“I think the reality is that what you will see in some of these markets like New York, where there’s significant increases [is that] our franchisees will likely look at the opportunity to reduce overall staff, look at the opportunity to certainly reduce hours and other cost reduction opportunities, not just price. You know there are some people out there who naively say that wages can simply be passed along in terms of price increases.”


Emil went on to say, “…unfortunately, we believe that some of these increases will clearly end up hurting the people that they are intended to help.” These comments were clearly a precursor for what was to come, and we can expect many other QSR’s to follow in a similar fashion more aggressively as the wage rate increases are phased in over time.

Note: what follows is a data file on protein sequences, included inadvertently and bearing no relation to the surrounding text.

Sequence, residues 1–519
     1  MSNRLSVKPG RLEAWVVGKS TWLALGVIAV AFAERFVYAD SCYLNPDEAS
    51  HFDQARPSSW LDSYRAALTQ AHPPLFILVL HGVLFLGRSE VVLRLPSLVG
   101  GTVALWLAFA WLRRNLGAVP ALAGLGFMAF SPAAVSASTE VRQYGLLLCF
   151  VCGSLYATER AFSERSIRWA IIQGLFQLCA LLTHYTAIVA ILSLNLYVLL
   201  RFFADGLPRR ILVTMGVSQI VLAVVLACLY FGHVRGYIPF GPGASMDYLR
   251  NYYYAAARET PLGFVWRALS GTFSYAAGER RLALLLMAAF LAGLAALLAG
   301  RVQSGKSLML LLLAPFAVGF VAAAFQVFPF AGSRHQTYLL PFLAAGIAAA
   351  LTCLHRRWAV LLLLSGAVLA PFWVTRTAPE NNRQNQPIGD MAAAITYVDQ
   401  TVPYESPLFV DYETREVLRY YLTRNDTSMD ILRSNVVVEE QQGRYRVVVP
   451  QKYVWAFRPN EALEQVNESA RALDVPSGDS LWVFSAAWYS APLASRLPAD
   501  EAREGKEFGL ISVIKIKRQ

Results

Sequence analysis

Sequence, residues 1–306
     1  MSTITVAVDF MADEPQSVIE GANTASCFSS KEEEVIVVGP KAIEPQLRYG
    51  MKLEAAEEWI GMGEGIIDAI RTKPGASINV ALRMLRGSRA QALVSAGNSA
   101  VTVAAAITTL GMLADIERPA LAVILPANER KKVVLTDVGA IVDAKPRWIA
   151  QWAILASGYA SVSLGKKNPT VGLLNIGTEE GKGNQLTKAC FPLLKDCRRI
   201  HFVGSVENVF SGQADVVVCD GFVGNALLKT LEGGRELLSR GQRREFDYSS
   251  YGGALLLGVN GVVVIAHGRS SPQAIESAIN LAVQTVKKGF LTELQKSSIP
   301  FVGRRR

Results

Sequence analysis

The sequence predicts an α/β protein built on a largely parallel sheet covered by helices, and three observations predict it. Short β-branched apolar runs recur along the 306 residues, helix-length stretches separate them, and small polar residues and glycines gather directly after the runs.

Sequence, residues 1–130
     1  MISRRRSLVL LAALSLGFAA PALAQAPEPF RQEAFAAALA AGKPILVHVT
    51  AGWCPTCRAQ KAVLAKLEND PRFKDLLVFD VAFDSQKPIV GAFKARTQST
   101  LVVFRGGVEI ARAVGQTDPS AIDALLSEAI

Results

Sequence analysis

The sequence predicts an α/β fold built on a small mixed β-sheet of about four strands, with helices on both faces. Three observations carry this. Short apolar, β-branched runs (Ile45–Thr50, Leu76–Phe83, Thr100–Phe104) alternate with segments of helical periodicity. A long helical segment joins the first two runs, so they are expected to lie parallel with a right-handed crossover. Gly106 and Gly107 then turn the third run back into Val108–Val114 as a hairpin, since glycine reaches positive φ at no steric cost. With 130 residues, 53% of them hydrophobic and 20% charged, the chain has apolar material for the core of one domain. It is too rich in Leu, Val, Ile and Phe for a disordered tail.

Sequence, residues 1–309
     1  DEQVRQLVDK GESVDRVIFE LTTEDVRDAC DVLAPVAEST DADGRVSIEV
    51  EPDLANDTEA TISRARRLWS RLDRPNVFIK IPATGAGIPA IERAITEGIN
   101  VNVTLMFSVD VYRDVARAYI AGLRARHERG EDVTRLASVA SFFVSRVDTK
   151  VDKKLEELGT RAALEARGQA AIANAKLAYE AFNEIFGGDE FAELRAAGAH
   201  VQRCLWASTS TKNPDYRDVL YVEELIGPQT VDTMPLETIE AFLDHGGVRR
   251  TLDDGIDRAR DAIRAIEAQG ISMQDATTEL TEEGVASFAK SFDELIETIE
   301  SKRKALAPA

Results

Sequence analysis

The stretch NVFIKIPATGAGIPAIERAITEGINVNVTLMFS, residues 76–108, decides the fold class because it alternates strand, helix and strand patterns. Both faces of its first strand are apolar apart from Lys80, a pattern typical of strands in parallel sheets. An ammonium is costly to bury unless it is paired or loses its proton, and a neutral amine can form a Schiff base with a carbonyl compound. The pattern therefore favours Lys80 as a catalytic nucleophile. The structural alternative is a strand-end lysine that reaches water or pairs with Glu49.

Although we do not currently have a firm call on Wendy’s (WEN) we wanted to share a survey with you conducted by CivicScience, which sheds some light on what the installation of self-order kiosks means for the consumer’s experience.


The business and political implications of this move could be profound. Wendy’s can gain a leg up in the market by reducing its labor costs, thus pushing other restaurant companies to speed up their technology initiatives. Perhaps more importantly, they could also drive a huge wedge in the public debate over minimum wage increases.


But it all hinges on a few big questions: How will consumers respond? Will the promise of more convenience and (theoretically) lower-cost food bring diners through Wendy’s doors? Or will the job market implications and (theoretically) poorer customer service keep diners away?